Register to reply

Pushing a lawnmower

by phthiriasis
Tags: lawnmower
Share this thread:
phthiriasis
#1
Oct9-08, 04:37 PM
P: 2
1. The problem statement, all variables and given/known data
Consider a lawnmower of weight w which can slide across a horizontal surface with a coefficient of friction [tex]\mu[/tex]. In this problem the lawnmower is pushed using a massless handle, which makes an angle theta with the horizontal. Assume that [tex]F_{h}[/tex], the force exerted by the handle, is parallel to the handle.

Take the positive x direction to be to the right and the postive y direction to be upward.




A:
Find the magnitude, [tex]F_{h}[/tex] of the force required to slide the lawnmower over the ground at constant speed by pushing the handle.

B:


The solution for [tex]F_{h}[/tex] has a singularity (that is, becomes infinitely large) at a certain angle [tex]\theta_{critical}[/tex]. For any angle [tex]\theta[/tex] > [tex]\theta_{critical}[/tex], the expression for [tex]F_{h}[/tex] will be negative. However, a negative applied force [tex]F_{h}[/tex] would reverse the direction of friction acting on the lawnmower, and thus this is not a physically acceptable solution. In fact, the increased normal force at these large angles makes the force of friction too large to move the lawnmower at all.

Find an expression for tan[tex]\theta_{critical}[/tex]


2. The attempt at a solution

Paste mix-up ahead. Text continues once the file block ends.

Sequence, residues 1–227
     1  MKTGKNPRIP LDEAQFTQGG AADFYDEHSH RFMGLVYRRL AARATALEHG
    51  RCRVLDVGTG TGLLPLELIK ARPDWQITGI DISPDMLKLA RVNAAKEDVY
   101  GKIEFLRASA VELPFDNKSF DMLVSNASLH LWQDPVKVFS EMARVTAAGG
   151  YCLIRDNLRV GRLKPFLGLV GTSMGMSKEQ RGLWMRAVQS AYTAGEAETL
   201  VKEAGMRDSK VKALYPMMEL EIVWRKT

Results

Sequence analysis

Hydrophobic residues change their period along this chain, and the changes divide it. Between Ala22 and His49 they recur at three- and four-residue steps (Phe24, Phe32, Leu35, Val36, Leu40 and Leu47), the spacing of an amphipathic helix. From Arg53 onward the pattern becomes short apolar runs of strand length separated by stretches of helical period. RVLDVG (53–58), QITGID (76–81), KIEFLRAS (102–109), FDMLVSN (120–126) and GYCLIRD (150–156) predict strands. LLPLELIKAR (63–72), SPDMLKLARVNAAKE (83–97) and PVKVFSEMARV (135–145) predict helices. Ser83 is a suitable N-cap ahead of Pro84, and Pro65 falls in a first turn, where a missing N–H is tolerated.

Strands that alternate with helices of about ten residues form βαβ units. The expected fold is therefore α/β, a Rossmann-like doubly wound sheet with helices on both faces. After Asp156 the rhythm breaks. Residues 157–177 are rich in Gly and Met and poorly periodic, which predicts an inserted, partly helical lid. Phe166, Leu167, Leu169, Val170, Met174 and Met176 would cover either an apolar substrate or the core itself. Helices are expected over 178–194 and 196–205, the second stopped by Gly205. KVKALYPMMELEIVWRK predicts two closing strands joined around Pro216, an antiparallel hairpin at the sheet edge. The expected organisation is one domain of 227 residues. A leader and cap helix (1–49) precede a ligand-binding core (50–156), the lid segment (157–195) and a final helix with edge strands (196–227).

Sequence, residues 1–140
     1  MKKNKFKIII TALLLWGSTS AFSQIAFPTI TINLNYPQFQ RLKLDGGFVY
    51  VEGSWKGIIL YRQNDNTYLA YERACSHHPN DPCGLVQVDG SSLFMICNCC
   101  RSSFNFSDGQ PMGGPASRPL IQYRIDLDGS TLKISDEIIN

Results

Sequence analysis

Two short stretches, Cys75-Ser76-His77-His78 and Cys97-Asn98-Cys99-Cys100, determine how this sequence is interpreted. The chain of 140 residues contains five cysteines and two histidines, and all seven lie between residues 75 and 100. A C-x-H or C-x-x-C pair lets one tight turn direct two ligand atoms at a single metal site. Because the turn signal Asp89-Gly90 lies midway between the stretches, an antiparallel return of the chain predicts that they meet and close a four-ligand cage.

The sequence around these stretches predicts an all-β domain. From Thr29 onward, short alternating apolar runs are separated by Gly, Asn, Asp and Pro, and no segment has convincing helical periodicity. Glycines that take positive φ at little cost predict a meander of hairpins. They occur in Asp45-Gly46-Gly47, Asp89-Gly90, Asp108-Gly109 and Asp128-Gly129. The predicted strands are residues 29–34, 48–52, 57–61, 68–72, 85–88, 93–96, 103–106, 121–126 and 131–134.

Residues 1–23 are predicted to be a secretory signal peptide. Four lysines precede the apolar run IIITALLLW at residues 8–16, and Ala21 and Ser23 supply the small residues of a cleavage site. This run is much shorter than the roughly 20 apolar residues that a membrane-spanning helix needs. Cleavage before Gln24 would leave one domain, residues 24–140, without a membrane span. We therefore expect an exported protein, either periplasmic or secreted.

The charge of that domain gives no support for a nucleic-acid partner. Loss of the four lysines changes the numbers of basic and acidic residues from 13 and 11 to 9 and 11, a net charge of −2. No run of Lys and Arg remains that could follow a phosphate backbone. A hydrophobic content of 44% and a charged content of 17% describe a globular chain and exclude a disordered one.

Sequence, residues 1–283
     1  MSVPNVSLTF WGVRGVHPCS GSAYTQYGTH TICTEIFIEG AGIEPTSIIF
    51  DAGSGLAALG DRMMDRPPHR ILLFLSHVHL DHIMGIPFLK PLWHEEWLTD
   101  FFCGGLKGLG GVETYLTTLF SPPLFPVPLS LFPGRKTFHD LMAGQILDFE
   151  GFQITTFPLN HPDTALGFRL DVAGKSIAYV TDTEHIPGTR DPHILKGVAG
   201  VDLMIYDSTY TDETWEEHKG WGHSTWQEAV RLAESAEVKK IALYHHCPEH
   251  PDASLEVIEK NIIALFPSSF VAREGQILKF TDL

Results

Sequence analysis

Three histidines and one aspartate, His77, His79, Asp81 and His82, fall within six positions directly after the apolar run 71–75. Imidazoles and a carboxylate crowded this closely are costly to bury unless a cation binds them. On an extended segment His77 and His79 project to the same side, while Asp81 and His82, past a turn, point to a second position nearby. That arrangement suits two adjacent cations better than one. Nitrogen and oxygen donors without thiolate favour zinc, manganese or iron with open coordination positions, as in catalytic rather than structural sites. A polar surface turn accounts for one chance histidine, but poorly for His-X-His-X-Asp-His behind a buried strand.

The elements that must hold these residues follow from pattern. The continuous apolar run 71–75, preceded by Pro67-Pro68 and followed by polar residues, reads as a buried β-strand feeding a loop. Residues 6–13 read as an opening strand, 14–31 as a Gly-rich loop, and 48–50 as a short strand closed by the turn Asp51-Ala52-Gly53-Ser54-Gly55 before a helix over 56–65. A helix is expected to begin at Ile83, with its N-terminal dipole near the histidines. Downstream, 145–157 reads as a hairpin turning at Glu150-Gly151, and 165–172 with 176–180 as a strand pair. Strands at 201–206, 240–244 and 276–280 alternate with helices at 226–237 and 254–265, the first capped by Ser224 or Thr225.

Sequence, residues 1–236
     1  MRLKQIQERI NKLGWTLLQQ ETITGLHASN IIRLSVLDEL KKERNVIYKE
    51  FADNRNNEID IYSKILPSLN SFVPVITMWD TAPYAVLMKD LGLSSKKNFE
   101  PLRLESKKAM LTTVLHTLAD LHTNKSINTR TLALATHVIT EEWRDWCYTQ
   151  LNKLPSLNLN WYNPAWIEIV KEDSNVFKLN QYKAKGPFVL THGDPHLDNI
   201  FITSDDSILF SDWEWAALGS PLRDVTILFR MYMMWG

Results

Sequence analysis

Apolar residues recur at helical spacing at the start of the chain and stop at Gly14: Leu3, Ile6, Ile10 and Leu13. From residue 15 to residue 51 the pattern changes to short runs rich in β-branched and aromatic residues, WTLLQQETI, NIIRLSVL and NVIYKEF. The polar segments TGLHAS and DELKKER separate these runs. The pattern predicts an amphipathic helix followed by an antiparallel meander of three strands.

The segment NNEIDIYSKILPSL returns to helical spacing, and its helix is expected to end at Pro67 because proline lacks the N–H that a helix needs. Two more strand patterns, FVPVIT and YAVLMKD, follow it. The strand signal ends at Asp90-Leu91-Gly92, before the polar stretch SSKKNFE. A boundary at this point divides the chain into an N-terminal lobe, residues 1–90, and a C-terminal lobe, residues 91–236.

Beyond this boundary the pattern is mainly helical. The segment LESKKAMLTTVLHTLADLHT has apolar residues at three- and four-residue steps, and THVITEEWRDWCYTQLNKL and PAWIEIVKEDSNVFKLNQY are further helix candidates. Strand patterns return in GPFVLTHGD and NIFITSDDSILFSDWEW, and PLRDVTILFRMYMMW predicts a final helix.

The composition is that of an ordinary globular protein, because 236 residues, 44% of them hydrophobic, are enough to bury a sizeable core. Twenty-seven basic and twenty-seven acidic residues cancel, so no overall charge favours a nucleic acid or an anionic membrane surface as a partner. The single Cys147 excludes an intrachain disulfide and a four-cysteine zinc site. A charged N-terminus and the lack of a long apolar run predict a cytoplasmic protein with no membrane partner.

okay, so i got part A fine:


fnet=0
x:
-cos[tex]\theta[/tex]*[tex]F_{h}[/tex]+[tex]F_{f}[/tex]
y:
n-sin[tex]\theta[/tex]*[tex]F_{h}[/tex]-w

multiply the y equation by [tex]\mu[/tex] to eliminate n
-cos[tex]\theta[/tex]*[tex]F_{h}[/tex]+[tex]\mu[/tex]n=[tex]\mu[/tex]n-sin[tex]\theta[/tex][tex]F_{h}[/tex][tex]\mu[/tex]

rearrange to get fh...
[tex]F_{h}[/tex]= (-[tex]\mu [/tex]w)/(-cos[tex]\theta[/tex]+sin[tex]\theta[/tex][tex]\mu[/tex])

part b i just not sure where to start..the force becomes infinite when the denominator becomes 0... but i dont know how to express that in terms of tan[tex]\theta_{critical}[/tex].

thanks for any help
lol i see now someone had the exact same question.. no answer though..here
Phys.Org News Partner Science news on Phys.org
Hoverbike drone project for air transport takes off
Earlier Stone Age artifacts found in Northern Cape of South Africa
Study reveals new characteristics of complex oxide surfaces
tiny-tim
#2
Oct9-08, 05:04 PM
Sci Advisor
HW Helper
Thanks
tiny-tim's Avatar
P: 26,160
Quote Quote by phthiriasis View Post
[tex]F_{h}[/tex]= (-[tex]\mu [/tex]w)/(-cos[tex]\theta[/tex]+sin[tex]\theta[/tex][tex]\mu[/tex]

part b i just not sure where to start..the force becomes infinite when the denominator becomes 0... but i dont know how to express that in terms of tan[tex]\theta_{critical}[/tex].
Hi phthiriasis! Welcome to PF!

(have a theta: θ and a mu: ΅ )

Yes, you're right …

the force becomes infinite when the denominator becomes 0 …

ie cosθcritical = ΅sinθcritical …

so tanθcritical = … ?
phthiriasis
#3
Oct9-08, 05:20 PM
P: 2
1/΅
seems so simple now... thanks tim


Register to reply

Related Discussions
Pushing a lawnmower. picture included Introductory Physics Homework 0
The NET FORCE and a lawnmower Introductory Physics Homework 7
Pushing a lawnmower Introductory Physics Homework 0
Pushing Off On Ice Classical Physics 7
Guinea Pig Lawnmower General Discussion 11